Three years ago, I started getting serious about losing weight. If I remember right, in the spring of 2018, I decided to give running a try. It took me months of pushing myself and not giving up to get to the point where I found a small amount of joy in it. I mostly ran by myself, occassionally my bestie would be able to join me, she was a huge encouragment in getting me started. I had two other friends who would either run or walk with me as well. It was really an activity I did on my own. I’d set the alarm for early morning, we’re talking 4:45am, get my clothes on, and run the track at the gym.

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By the following spring I was running close to 8 miles a week.

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I would write and then go run.

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I’d wake up early and go run.

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Take the kids the karate and run.

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Feel slightly annoyed and run.

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Feet hitting the pavement.

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Grounded.

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Sweat on my forehead.

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Connected to my body.

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Music in my ears.

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Emotions worked through or around.

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“You can’t keep running. Stop. Give up. It’s too hard.”
“I can. I will. If I can write a novel, I can run a mile.”
Often, the evil critic would whisper in my ear, and I’d talk back. I was not going to stop running.

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Eventually, running and writing and going to Starbucks to escape my life wasn’t enough, and I went back to therapy.

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Then running became my salvation during my separation. I would try to talk to my ex and get wounded up and spiral out of control. I’d try to talk to my friends or family about it and spiral them out. My counselor suggested running when I felt amped up. I’d get a text from him and go hit the pavement. He’d leave a voicemail and I’d run two miles.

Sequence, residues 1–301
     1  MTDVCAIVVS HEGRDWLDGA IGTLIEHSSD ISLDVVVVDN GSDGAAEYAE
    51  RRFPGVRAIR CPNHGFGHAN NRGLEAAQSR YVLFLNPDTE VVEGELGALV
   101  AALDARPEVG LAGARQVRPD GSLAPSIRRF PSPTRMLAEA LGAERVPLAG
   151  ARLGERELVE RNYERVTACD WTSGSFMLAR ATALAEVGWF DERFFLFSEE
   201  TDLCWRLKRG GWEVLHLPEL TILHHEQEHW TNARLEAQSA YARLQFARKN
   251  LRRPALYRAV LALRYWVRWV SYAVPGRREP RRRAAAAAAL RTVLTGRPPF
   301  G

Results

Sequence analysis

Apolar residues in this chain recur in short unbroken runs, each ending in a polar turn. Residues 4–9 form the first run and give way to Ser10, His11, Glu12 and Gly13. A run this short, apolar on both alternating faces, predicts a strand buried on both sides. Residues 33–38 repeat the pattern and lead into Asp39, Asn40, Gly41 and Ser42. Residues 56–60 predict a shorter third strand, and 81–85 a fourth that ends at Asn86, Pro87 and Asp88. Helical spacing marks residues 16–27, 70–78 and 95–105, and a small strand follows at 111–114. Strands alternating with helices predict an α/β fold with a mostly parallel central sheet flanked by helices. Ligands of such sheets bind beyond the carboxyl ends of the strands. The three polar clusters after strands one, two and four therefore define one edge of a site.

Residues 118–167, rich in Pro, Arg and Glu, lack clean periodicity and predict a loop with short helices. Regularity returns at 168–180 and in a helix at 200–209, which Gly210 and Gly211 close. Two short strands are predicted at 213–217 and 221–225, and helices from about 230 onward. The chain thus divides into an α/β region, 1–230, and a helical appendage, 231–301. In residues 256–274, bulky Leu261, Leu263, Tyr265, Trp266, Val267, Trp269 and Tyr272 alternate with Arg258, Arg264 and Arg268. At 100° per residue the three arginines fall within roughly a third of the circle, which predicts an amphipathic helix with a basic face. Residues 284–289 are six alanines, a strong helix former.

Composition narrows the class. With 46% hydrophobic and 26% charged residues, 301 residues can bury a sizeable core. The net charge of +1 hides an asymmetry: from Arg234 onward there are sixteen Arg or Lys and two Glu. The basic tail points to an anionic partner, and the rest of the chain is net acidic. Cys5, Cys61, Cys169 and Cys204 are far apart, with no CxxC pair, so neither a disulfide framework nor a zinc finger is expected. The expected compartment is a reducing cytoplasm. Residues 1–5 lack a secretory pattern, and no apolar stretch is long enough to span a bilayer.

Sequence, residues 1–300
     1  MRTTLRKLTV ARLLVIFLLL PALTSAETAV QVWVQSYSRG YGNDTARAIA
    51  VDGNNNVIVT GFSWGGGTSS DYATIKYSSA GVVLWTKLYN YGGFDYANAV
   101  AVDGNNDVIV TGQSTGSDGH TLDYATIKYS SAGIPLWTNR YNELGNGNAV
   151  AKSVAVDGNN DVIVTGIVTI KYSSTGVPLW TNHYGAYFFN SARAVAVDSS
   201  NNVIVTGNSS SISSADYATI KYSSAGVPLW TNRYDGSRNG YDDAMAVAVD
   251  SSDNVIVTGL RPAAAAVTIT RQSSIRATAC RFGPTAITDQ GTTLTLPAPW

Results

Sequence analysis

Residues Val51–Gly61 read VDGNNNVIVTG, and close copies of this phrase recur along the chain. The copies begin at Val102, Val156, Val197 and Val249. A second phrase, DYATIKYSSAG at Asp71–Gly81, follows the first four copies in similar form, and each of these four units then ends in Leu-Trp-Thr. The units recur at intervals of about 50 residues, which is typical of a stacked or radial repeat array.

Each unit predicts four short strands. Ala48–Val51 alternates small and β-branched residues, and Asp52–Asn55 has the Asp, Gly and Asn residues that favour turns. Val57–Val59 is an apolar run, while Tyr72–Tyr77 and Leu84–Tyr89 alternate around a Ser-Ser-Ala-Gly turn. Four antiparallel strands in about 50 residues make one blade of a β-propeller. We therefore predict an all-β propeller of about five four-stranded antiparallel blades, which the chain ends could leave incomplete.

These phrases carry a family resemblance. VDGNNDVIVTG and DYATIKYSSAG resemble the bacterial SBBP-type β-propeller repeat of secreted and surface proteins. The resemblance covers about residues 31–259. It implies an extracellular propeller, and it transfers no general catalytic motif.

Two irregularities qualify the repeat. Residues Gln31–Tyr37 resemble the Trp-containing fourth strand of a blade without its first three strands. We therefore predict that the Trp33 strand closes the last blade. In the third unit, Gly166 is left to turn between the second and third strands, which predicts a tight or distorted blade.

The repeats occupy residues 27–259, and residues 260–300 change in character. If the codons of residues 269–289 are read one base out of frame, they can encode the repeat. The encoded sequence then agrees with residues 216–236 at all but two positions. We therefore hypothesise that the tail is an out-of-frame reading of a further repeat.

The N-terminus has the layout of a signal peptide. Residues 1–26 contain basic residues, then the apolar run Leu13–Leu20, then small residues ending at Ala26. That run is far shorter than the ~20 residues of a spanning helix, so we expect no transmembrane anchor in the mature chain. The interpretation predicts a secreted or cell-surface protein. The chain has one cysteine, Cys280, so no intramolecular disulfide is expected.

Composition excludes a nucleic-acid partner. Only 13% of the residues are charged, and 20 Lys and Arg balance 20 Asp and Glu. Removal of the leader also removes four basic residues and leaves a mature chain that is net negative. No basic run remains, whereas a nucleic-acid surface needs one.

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We talked in therapy a lot about how I wanted to run away from my life. It was really the main reason I started back at therapy. This overwhelming sense of wanting to run away from it all. I’ve realized how much I did run away from without physically leaving. The hours upon hours I spent in Starbucks each week was my escape from reality. It was my alternate reality.

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I remember this spring when my therapist asked me about the running away. I hadn’t brought it up in a while. I hadn’t talked about running figuratively or physically in some time. I realized the act of running had stopped, and never begun again after I had surgery in February. I couldn’t physically run after that for a few months. I had tried a few times to get back into running, but something was missing from it now, the joy, the escape. More importantly, the running away in my mind had ceased. I no longer had the desire to run away from my life.

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Perhaps for the first time in my life, I was happy.

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Happy.

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Secure.

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Connected.

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Cherished.

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Seen.

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Nothing to run from. Nothing to hide from. Nothing to hide.

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When I run now, I’m not running from anything or anyone. When I feel myself running in my mind, I run towards God. And when I run towards God, I feel him gently remind me he’ll never leave. And in his not leaving, he’s given me a gift, he’s given me someone to sit with me, to hold me, to cherish me. No more running. No more hiding.